David Hasselhoff, McLeod, Hincman
How to tell a joke?
Consider James McLeod’s installation “Don’t Hassle the Hoff (Fallen Heroes Series)” in “Selections ’07,” an exhibit at MassArt of work by 10 teachers, either new members of the college’s faculty or teachers returning from sabbatical. The show closes tomorrow. (I can’t find a webpage for Mr. McLeod – and if there’s something that needs a webpage it’s this installation/shrine.)
First, on the floor is a plush carpet decorated with an image of the television star David Hasselhoff, naked, reclining with a pair of shar pei puppies (above the photo McLeod used, below installation shot). Above his legs the carpet bears another image of Hasselhoff, this time dashing through surf Baywatch-style.
Second, the rug is flanked by a pair of red velvet ropes alterting you that you’re very special indeed to lay eyes on this glory. Third, seven plaques hanging on the wall above the carpet are inscribed with important pronouncements attributed to Hasselhoff like “There are many dying children out there whose last wish is to meet me” and “(Baywatch) is responsible for a lot of world peace.”
Hasselhoff’s fame is predicated on appearing in camp television classics, Knight Rider and Baywatch; his hunky body; and the acting chops of a Ken doll. Oh, and getting misty eyed when Taylor Hicks won “American Idol.” By some amazing American pop culture magic, his, uh, allure multiplies beyond these root causes. I think it has something to do with him being good, giving, and game enough to play along with his plastic persona (see “The Spongebob Squarepants Movie”).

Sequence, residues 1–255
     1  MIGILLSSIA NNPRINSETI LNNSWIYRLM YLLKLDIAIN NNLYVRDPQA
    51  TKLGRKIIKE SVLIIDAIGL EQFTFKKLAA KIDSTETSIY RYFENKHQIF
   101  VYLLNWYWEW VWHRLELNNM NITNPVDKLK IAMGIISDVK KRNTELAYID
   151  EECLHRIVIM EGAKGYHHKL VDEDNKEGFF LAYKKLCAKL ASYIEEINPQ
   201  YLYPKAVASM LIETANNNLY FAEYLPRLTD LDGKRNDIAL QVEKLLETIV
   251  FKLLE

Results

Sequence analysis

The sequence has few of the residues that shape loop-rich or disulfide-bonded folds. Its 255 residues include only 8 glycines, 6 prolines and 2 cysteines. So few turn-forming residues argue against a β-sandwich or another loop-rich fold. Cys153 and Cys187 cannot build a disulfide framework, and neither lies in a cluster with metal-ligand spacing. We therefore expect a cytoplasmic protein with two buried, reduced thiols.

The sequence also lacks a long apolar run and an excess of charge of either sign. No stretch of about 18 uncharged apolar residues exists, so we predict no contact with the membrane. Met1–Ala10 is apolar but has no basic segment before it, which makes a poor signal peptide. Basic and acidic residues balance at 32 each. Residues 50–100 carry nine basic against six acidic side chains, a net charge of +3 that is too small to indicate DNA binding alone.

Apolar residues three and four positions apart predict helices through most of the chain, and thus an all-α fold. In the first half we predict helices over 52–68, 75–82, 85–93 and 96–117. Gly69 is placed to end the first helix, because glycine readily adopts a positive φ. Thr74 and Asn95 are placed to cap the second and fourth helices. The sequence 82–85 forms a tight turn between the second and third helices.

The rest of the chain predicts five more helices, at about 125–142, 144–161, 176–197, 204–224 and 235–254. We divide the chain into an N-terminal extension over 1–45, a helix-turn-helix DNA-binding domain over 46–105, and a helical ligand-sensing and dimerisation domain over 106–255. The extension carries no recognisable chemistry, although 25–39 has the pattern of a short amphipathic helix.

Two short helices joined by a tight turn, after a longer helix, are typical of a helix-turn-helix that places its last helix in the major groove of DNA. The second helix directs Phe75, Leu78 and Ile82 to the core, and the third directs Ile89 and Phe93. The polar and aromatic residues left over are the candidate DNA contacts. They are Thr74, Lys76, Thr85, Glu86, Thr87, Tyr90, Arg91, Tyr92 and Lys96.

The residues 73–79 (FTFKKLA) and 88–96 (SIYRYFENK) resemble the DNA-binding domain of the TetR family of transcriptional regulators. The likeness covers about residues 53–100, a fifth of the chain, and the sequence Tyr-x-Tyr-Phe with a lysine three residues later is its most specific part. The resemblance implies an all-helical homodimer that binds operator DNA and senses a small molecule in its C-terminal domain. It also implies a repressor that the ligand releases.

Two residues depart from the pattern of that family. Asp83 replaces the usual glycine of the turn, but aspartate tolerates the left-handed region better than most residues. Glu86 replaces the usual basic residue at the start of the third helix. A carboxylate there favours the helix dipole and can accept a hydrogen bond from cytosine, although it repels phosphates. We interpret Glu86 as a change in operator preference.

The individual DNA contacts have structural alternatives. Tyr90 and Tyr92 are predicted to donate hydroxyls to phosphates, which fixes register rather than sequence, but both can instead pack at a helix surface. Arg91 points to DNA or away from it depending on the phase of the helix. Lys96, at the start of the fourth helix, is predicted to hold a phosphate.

But whatever it is, McLeod’s straight-faced shrine to the Hoff taps it brilliantly. I suppose McLeod is saying something about the nincompoops we, as a society, venerate. And there’s an implied critique of Hollywood stars' inflated sense of themselves. (Though, I think if you read Hasselhoff’s statements in context – and the Internets suggest the ones McLeod quotes may be real – you realize he’s in on the joke.) But these issues are tangents. This is just a great, hilarious, satisfying goof.
Stay tuned: McLeod is rumored to have a Suzanne Somers ThighMaster piece too.
Also noteworthy in "Selections '07" are three sculptures by Matthew Hincman. Here’s his curled in on itself park bench that he snuck into Jamaica Pond last year. There’s also altered wooden blinds and “Bed/Table” (2001) (pictured above), a finely crafted wooden table with a mini bed headboard sprouting from one end. He specializes in such charming furniture mutations.
“Selections ’07,” MassArt, 621 Huntington Ave., Boston, Jan. 30 to March 10, 2007.